7 Haunted Islands, Harbors, Lighthouses, (and More!) That You Can See by Boat
Catalina Island, California
All the hotels, restaurants, and shops you pass while strolling along Front Street are said to be haunted, but for real thrills, head to Avalon Casino, where there have been reports of various ghosts of tourists past, including one who still inquires where her husband has gone. And if you’re still left wanting more, make your way to Two Harbors on the other side of the island, where you can still catch a whiff of old fishermen’s tobacco in the air. If you’re lucky, you might even sneak a peek of the infamous White Lady at the Banning House Lodge.
Honda Point, California
The worst peacetime naval disaster in the U.S. occurred at Honda Point, also known as Point Pedernales, just north of Santa Barbara. In 1923, seven destroyers heading south along the Pacific Coast suddenly changed course as they neared the Santa Barbara Channel and piled up on a collection of rocks aptly called the Devil’s Jaw. Twenty-three sailors died in the accident. If the lingering spirits of sailors aren’t enough to get your blood running cold, cruise along the rocky coast to nearby Point Arguello, a popular fishing spot, to check out the reportedly haunted old boathouse.
Friday Harbor, Washington
Tie up at this cozy harbor in the Pacific Northwest, which has a history dating back to the late 19th century—and the ghost stories to match. Once a private residence, the Serendipity bookstore is now known for sightings of the Woman in Black, a ghostly figure whose likeness the shopkeeper claims resembles a figure in a photo of previous residents. Over at the old San Juan Inn, which is now a realty company, Walter is the guest who never checked out; spot him sitting in the same chair by the window.
Related: The 10 Best Ghost Tours on the Coast
Finally, the ghost of a man hung for the murder of his neighbor’s brother can still be seen wandering the execution site near The Whale Museum, though only at night, supposedly because the verdict was given shortly after midnight.
Galveston Island, Texas
The island’s ubiquitous sea wall stretching along the aptly named Sea Wall Boulevard may seem innocuous from a boat at sea, but it was erected following what is still considered to be the deadliest natural disaster in U.S. history. A Category 4 hurricane devastated the town in 1900, leaving 8,000 residents dead—many of whom were not properly buried. Sea burials were common, and bodies would wash back up onto shore, which sparked the ghost lore that pervades the island. Walk through Mayfield Manor (which served as morgue after the storm) for glimpses of ghostly figures, or tour Hotel Galvez, where the Ghost Bride still haunts room 501. The story goes that, after hearing about her fiancé’s untimely death at sea, she hung herself in the hotel’s west turret—the location of room 501.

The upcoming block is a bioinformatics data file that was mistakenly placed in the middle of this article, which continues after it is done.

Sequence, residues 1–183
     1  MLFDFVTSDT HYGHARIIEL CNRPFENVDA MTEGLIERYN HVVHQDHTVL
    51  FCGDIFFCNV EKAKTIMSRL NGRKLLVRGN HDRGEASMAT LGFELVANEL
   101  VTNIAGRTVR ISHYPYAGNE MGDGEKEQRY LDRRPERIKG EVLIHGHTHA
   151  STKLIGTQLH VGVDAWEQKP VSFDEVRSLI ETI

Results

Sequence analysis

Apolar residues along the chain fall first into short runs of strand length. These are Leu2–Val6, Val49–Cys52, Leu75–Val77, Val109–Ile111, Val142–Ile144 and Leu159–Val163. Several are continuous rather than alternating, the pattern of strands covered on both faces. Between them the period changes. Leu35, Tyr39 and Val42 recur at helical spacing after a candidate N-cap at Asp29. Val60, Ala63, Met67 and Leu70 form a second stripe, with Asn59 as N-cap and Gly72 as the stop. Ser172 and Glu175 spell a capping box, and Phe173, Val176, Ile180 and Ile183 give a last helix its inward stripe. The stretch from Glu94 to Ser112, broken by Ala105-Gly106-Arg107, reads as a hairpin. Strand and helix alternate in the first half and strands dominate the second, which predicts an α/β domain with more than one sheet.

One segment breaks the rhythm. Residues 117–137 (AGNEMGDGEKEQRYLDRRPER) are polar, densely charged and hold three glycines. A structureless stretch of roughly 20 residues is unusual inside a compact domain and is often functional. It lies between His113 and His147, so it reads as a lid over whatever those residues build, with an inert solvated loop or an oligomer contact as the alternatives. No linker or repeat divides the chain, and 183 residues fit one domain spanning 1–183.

Lake Pontchartrain, Louisiana
Sail along the northwestern shores of Lake Pontchartrain and you’ll come upon Manchac swamp, wetlands known for eerie legends. In the beginning of the 20th century, Julia Brown, a voodoo priestess, cursed the towns along the lake’s shores, supposedly causing the devastating 1915 hurricane that killed nearly 300 people—though newer reports suggest she was simply a local healer. Either way, Julia Brown reportedly lingers in the area.
If you’re casting off near New Orleans, keep an eye out for the Rougarou of the Bayou, a werewolf figure of Cajun legend said to lurk in the swamps.
Cape Hatteras Lighthouse, North Carolina
Not only is this brick lighthouse in the Outer Banks of North Carolina the tallest of its kind in North America, but the Cape Hatteras Light also harbors tall ghost tales. If you’re sailing nearby, drop anchor near the lighthouse, and you might spot a spirit or two. The ghost of Theodos Burr, who found himself shipwrecked near the lighthouse, can still be seen wandering along the beach, while a friendly 20-pound ghost cat has roamed in and out of the lighthouse for 150 years. (Go ahead and pet it if it rubs against your legs, but fair warning if you try to pick it up—it’ll disappear without a trace.) Perhaps the most harrowing tale is that of the ghost ship Carroll A. Deering. In 1921, the wreckage of the ship washed up on the shores where the lighthouse once stood (it was relocated in 1999—and yes, the ghost cat followed). But no one ever figured out what happened to the ship because the remains turned up with no personal artifacts or hints of its crew, no navigational equipment, and no anchors. What was aboard? Food, as if laid out for a meal. Talk about spooky.
Execution Rocks, New York
The name of this small island on Long Island Sound alone conjures visions of grim goings-on—and for good reason. While the American Revolution raged, prisoners of Patriot soldiers would be chained up to the namesake rocks during low tide and left to drown slowly as the tide came in higher and higher.
In his autobiography, serial killer Carl Panzram further contributed to the macabre lore surrounding the island (now listed on the National Register of Historic Places). Panzram claimed to have dumped the bodies of 10 sailors he’d killed near the rocks in the early 20th century. And don't forget the island's lighthouse—automated in 1979, the 55-foot tall light is unmanned ... by the living.